As for part three, these usually involve greater issues such as society, gender, age, and so on. Your questions will often involve abstract or complex issues such as:

  • How can people be encouraged to eat more healthily?
  • Should fast-food companies be allowed to advertise to children?
  • What are the benefits of eating a balanced diet?

These questions usually require a little thought before you answer them because they are not simply matters of opinion. You must also justify your answer in order to get a good score. It is not enough to simply state a fact; you need to then explain it, give an example, and possibly even state some sort of summary or conclusion.

Food in IELTS Writing

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An example of an IELTS writing task 1 question featuring food.

Although it is most common in the speaking test, you might also find food appearing in the writing test. This could theoretically be in task one, although you would not need much food vocabulary to answer it. This would be related to a line graph, bar chart, pie chart, or possibly a process diagram. In the case of the latter, it would be a diagram that shows you how something is made, such as a pie.

It is more likely, though, that you would encounter the IELTS topic of food in task two, where you would have questions that probably cross over with society. Here are a few examples of food-based questions that I have encountered:

Convenience foods will become increasingly prevalent and eventually replace traditional foods and traditional methods of preparation.

To what extent extent do you agree or disagree with this opinion?

In some countries, an increasing number of people are suffering from health problems as a result of eating too much fast food. It is therefore necessary for governments to impose a higher tax on this kind of food.

To what extent do you agree or disagree with this opinion?

Countries should try to produce all the food for the population and import as little food as possible.

To what extent do you agree or disagree?

In spite of the advances made in agriculture, many people around the world still go hungry.

Why is this the case?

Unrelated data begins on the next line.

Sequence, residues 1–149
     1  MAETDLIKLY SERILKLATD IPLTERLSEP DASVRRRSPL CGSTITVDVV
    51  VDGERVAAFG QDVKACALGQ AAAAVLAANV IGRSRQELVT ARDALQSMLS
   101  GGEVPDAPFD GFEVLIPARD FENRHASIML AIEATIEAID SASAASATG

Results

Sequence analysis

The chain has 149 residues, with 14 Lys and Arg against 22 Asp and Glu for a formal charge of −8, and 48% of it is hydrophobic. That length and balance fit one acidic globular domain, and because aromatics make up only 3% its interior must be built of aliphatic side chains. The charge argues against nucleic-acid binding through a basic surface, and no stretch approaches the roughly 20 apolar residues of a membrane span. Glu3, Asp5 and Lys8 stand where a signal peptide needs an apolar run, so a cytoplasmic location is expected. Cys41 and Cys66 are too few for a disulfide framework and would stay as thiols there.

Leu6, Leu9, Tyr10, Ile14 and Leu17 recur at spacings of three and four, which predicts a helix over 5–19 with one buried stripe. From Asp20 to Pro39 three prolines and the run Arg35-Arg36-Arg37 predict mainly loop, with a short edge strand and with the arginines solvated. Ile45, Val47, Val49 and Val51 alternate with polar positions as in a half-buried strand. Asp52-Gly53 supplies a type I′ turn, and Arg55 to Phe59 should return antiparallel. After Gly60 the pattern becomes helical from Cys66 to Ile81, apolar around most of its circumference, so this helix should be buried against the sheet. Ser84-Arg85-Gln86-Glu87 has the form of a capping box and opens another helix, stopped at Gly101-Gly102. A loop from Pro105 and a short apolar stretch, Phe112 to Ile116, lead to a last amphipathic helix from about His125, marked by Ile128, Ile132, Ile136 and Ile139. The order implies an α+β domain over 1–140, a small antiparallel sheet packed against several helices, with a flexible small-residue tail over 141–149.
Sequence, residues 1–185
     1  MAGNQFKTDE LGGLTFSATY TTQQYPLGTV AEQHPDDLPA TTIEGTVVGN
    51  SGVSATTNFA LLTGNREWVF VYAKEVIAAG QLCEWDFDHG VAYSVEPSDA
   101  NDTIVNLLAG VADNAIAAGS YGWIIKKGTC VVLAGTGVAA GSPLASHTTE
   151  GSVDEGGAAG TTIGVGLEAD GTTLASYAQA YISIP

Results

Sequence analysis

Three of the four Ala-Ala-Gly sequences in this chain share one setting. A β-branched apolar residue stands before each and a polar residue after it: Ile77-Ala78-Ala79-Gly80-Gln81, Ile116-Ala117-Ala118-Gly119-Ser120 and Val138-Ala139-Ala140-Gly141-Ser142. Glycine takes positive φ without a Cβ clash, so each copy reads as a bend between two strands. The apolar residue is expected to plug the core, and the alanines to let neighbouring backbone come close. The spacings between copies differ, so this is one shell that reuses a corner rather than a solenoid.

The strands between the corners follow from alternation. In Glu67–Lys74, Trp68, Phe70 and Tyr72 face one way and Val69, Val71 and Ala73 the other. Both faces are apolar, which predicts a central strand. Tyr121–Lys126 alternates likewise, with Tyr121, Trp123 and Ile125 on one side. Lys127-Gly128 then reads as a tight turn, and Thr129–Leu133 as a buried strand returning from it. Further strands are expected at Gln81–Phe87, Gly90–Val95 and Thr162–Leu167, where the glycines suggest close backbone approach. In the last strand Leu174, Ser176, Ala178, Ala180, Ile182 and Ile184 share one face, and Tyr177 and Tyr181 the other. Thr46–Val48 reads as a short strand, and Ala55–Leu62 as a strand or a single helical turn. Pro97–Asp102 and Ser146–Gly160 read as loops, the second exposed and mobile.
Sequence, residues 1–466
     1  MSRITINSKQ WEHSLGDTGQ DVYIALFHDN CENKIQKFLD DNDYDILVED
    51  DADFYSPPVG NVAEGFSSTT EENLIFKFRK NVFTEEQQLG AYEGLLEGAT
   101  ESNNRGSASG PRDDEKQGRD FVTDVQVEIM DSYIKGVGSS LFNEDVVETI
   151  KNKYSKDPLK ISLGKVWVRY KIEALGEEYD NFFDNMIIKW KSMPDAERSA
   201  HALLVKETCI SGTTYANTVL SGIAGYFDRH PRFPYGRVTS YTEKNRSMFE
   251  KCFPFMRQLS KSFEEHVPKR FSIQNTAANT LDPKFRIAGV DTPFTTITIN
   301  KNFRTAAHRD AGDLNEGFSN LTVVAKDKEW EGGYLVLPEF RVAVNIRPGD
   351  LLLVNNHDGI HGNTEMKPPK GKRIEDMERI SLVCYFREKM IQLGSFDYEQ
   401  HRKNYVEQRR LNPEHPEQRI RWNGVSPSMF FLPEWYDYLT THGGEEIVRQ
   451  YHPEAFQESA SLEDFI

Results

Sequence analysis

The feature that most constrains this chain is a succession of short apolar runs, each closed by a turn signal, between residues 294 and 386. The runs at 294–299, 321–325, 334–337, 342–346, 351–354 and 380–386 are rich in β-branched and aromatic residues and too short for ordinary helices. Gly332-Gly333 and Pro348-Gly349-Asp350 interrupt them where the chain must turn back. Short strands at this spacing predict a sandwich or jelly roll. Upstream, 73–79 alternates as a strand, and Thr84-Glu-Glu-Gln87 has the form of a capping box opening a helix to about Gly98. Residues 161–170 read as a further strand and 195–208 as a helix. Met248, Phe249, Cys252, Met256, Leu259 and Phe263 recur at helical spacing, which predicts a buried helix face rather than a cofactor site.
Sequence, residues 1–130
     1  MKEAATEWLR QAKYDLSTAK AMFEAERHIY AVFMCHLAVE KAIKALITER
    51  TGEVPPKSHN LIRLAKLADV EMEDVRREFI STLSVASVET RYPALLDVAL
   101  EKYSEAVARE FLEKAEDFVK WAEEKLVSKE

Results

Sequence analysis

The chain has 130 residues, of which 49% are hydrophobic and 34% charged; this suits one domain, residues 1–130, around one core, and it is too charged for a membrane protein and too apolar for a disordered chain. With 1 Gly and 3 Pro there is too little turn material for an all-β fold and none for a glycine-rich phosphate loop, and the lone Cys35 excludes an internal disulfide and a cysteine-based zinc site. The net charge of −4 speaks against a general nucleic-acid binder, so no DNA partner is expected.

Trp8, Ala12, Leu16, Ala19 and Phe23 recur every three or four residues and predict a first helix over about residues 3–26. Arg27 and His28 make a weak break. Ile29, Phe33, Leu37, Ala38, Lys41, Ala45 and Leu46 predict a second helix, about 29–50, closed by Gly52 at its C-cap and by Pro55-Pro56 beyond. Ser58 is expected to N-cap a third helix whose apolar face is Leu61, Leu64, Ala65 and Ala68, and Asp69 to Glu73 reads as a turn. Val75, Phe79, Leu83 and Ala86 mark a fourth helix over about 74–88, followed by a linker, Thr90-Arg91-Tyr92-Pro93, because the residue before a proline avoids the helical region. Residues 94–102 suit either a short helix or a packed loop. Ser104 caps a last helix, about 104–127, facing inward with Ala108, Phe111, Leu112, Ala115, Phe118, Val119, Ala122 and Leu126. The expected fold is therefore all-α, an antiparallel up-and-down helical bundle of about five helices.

What can be done about this problem?

With a growing population, many people believe that we should focus on producing more GM foods.

What are the advantages and disadvantages of doing this?

As you can see, the possibilities are varied and there are different question types that could occur. It is impossible to prepare for these by remembering the questions and hoping that they appear… so the best thing to do is study for the topic of food instead.

IELTS Food Vocabulary

I am always reluctant to recommend that people learn vocabulary in terms of lists because I think it creates new problems. If you don’t know how to use a word, it’s difficult to put it correctly into a sentence. Yet when it comes to IELTS, it is worth learning vocabulary in terms of topic. This can help you to relate words in your mind and use them accurately. This is true for learning IELTS food vocabulary.

Obviously, the language that you learn here is going to vary from person to person. I come from Scotland, so maybe I should know the word “haggis,” but for 99% of the world’s population, it is not a necessary word! 😅 That is because this food is specific to my country and it would never appear in an IELTS question. I would only bring it up if the question talked about traditional foods.

Therefore, when it comes to learning the names of food items, you should learn those that you think you would talk about. For example:

  • Foods you really like
  • Ones that you don’t like at all
  • Foods that come from your country
  • Famous foods around the world
  • Common or important ingredients

It is worth learning words that relate strongly to food, such as the items in a kitchen, dining room, or restaurant, and also the words we use for cooking. This vocabulary will of course vary slightly from culture to culture, but there are some constant ones like “boil,” “fry,” “stir,” and so on. Here is a video of IELTS cooking vocabulary:

How to Talk About Food for IELTS

If you are asked about food, then you should give an honest answer and use the language that you know how to use. Don’t try to use fancy language or tell the examiner what they want to hear. The best way to perform in IELTS is just to be natural and say what you know.

Let’s look back to one of the examples from part one of the speaking test and see how we could answer it: